Detached, Factual, Thoughtful, Didactic
You might be wondering "What tone?" given how matter-of-fact (and even dry!) the narrative can be. Well, just because it isn't overly emotional doesn't mean that the novel lacks a definable tone, so let's see what's going on here.
Overall, the tone of The Fountainhead is clear and pretty unemotional. Most of the novel is filtered through the viewpoints of various characters, and they tend to repress their emotions and approach situations with an almost clinical detachment. The characters that do freak out and have meltdowns are seen as weak, while characters like Roark—who can sometime sound robotic—are seen as strong. Take this early scene with Roark, where he demonstrates his patented emotionally detached tone.
"You know," he said, "you would sound much more convincing if you spoke as if you cared whether I agreed with you or not."
"That's true," said Roark, "I don't care whether you agree with me or not." He said it so simply that it did not sound offensive, it sounded like the statement of a fact which he noticed, puzzled, for the first time. (1.1.154-5)
This quote demonstrates an almost chilling level of detachment. Roark is channelling the honey badger pretty hard here, but the fact that this is the first time he's noticed his lack of caring strikes us as edging in on sociopath territory.
The narrator also often sounds very detached and quite factual, describing emotional things in a fairly dry manner. Take this scene where the narrator describes the release of Toohey's book by adopting a factual approach.
Readers acquired erudition without study, authority without cost, judgment without effort. It was pleasant to look at buildings and criticize them with a professional manner and with the memory of page 439 [....] (1.6.6)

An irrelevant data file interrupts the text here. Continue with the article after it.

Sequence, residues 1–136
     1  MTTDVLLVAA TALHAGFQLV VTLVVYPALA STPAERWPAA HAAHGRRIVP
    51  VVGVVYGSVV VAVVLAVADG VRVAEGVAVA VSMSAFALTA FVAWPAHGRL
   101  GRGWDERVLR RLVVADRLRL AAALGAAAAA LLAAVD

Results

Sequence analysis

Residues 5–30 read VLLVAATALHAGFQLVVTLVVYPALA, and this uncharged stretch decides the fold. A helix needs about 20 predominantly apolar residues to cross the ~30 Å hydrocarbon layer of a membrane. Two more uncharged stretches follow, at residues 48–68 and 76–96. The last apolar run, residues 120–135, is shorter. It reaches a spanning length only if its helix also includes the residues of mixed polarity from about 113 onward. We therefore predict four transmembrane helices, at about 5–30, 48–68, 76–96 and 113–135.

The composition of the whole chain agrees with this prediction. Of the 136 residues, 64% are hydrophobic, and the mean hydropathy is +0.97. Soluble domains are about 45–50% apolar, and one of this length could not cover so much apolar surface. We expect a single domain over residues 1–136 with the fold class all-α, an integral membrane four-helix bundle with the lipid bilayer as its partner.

This narrator is saying some fairly damning things about the general readership: that readers like to acquire judgement with cost, for example. But this smack-talk is done with an ounce of emotion. "That's just the way things are," the narrator seems to be saying, "People suck."
As we noted earlier, this novel is very intellectual, so it makes sense that the narrative has a pretty thoughtful tone going on in places. Characters often try to work out tricky intellectual conundrums, or puzzles, and consider their worldviews and ideas. There are long passages where characters think and equally long passages where two characters have a good old fashioned intellectual debate. The narrator also pauses sometimes for some deep thoughts and pondering.
So he felt anger that he should find exultation only in the wilderness, that this great sense of hope had to be lost when he would return to men and men's work. (4.1.5)
The diction here ("wilderness" and "men") sounds almost biblical, and the broad ideas being explored here are capital-D Deep. This single line contains the understanding that the wilderness contains capacity for hope and happiness, while the world of men and cities takes that hope and happiness away.
Ugh. Now we're depressed. We also want to go camping.
The More You Know
Finally, The Fountainhead is pretty dang didactic. Didactic isn't the most positive of words (it can be used as an insult), but it really fits the bill here and sums up what is both good and bad about The Fountainhead's tone. The novel is definitely tries to teach its readers. This can result in interesting, informative passages and it can also result in parts that sound seriously preachy.
A couple of these educational sections include Roark's trial testimonies, and his long-winded spiel about "second-handers" on Wynand's yacht (4.11). Be forewarned.